“That’s the biggest difference as compared to past years, where guys were coming off playing 50 or 60 games already,” Dillard said. “These guys have come off playing 15 or 16 games.”

Dillard said the players haven’t wanted practices to end.

“Can we stay and hit more coach? Can we stay and hit more? They’ll ask,” Dillard said. “And we’ve already hit for two and a half hours.”

Sartori and Miller last played on March 10 in what turned out to be A&M’s season-ending 6-2 victory at Rice. Sartori went 2 for 4 and Miller struck the last three batters on 11 pitches.

“It’s been way different than normal [this spring],” Miller said. “Usually, we’re just coming off a full season, but now we haven’t done anything for a few months. This is the first time we get to get out there live. I know everybody is excited; everybody is anxious to get back and start playing.”

Satori feels like a Little Leaguer.

“I’m so excited; I can’t wait to get to the ballpark each and every day,” Satori said. “It’s been very different, but we’re all having to deal with it. It’s going to be a fun summer.”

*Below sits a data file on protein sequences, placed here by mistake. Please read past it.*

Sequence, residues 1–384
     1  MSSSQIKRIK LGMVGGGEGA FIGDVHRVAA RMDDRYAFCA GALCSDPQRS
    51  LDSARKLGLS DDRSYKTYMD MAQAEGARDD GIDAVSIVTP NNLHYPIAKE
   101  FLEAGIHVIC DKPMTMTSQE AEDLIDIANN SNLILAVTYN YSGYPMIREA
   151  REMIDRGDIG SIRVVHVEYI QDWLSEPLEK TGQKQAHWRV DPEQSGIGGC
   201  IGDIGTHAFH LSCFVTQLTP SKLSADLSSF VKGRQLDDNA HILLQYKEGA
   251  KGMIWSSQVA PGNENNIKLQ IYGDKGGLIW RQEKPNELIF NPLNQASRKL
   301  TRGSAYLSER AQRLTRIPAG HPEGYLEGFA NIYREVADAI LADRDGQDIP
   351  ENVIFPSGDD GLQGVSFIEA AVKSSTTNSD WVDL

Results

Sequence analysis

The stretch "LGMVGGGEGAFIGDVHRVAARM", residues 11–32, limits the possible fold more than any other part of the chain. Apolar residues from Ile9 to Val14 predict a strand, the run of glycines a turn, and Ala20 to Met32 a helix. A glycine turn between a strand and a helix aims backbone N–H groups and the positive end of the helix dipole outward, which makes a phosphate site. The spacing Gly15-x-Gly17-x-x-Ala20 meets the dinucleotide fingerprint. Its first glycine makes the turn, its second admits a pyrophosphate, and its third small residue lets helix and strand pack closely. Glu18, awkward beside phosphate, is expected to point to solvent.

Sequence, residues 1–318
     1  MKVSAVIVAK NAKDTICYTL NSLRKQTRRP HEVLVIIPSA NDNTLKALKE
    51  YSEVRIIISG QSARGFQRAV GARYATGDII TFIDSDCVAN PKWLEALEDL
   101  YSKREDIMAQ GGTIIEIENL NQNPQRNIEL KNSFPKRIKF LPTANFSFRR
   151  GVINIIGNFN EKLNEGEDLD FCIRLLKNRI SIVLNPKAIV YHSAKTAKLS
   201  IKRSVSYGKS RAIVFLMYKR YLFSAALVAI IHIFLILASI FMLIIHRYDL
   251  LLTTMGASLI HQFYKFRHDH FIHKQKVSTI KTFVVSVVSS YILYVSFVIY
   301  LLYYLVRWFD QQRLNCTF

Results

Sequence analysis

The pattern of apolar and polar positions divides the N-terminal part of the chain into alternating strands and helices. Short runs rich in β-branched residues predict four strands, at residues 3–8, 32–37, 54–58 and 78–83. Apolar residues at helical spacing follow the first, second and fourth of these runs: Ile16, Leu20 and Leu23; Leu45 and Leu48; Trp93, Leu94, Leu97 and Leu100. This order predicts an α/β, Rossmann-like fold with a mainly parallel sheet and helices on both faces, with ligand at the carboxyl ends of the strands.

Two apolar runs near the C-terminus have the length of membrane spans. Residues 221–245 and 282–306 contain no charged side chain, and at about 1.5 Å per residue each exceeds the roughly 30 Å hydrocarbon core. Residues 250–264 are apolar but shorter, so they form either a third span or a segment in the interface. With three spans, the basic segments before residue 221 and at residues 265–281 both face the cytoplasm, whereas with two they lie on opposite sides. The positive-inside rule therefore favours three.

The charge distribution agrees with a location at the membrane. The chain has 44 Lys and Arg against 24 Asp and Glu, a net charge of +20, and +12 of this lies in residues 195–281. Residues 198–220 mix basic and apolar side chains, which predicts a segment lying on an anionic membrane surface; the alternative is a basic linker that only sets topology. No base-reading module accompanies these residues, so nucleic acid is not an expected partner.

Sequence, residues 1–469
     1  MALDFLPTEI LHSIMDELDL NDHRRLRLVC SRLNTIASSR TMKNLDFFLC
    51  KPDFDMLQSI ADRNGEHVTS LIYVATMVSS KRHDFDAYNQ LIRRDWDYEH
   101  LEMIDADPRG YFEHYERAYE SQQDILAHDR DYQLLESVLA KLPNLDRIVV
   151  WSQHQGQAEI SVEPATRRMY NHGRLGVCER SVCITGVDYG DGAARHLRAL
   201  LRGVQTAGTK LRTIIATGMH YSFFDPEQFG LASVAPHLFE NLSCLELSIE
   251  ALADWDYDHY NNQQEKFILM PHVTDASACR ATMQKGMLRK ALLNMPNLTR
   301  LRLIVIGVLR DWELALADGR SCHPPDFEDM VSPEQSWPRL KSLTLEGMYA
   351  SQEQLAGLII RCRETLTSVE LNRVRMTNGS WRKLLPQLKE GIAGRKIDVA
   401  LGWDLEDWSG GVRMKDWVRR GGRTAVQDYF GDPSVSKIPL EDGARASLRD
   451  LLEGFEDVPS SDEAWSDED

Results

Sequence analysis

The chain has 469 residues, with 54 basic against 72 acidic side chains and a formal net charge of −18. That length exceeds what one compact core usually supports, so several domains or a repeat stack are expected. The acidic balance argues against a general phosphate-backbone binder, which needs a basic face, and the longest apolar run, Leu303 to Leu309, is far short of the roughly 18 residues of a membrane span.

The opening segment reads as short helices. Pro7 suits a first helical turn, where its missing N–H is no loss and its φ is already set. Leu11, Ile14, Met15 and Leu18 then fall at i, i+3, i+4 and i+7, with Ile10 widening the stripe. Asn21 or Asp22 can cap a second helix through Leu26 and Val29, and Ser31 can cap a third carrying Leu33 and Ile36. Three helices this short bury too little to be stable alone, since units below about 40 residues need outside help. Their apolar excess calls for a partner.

NOTES — The game will be broadcast on KZNE (1150 AM). … The Bombers’ 11-point COVID-19 readiness plan for games was approved by county and local health officials last week. Travis Field, which will be limited to 50% capacity, can hold 1,100 to 1,200 fans per game, depending on seating figuration. The Bombers will have social distancing in place for every section of the park and fans must be wearing a mask to enter. … Tickets are $7 in advance and $10 at the gate. … This is the Bombers’ 14th season and the 17th for the TCL. … The home team can use all 35 players on the roster while the visitors can use 30. … Miller played for the Bombers in 2018, making seven appearances with 16 strikeouts and 10 walks in 9 1/3 innings. Miller and Smith also played in the Cape Cod League last year with both on the Falmouth Commodores. Smith had five homers in 20 games and Miller had a save in four appearances. … Dillard was the Bombers’ associate head coach and pitching coach until former coach Brian Nelson was named the TCL’s commissioner on June 16. Dillard helped Nelson recruit the players for this year’s team and the 2018 and ’19 squads. … Dillard, who is Bryan High’s head baseball coach, has plenty of TCL experience. Dillard, who pitched for Sam Houston State and graduated in 2000, was the pitching coach for the Denton Outlaws in 2006 when they won the TCL. He was the head coach of the Woodlands Strykers, taking over just after the 2015 all-star break and through the 2016 season when the club disbanded. … The Bombers’ late additions include former Madisonville pitcher Zach Poe, who will be attending Tarleton State after stops at Sam Houston State and Paris Junior College. The others are Hendrix College third baseman Adam Bland, Texas-Rio Grande Valley outfielder Coleman Grubbs and Dallas Baptist shortstop Jeffrey David, who was batting .351 with two homers and 15 RBIs when the season ended. … The Bombers will compete in the South Division with TCL holdovers Victoria Generals and Acadiana Cane Cutters along with the San Antonio Flying Chancias and Hairy Men. The North will have new-comers Amarillo Sod Dogs, Amarillo Sod Squad, the Drillers and the RoughRiders along with the holdover Texarkana Twins. The top two teams in each division will advance to a best-of-3 divisional series starting Aug. 4 with the winners meeting for the championship on Aug. 8.